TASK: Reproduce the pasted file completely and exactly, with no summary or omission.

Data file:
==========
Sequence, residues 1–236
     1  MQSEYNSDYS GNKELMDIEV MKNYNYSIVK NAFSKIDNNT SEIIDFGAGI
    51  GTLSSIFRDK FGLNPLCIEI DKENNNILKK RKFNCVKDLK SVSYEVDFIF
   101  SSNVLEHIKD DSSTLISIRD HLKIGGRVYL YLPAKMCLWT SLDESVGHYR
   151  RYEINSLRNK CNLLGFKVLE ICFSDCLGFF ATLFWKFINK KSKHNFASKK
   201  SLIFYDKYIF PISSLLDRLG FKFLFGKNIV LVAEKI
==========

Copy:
Sequence, residues 1–236
     1  MQSEYNSDYS GNKELMDIEV MKNYNYSIVK NAFSKIDNNT SEIIDFGAGI
    51  GTLSSIFRDK FGLNPLCIEI DKENNNILKK RKFNCVKDLK SVSYEVDFIF
   101  SSNVLEHIKD DSSTLISIRD HLKIGGRVYL YLPAKMCLWT SLDESVGHYR
   151  RYEINSLRNK CNLLGFKVLE ICFSDCLGFF ATLFWKFINK KSKHNFASKK
   201  SLIFYDKYIF PISSLLDRLG FKFLFGKNIV LVAEKI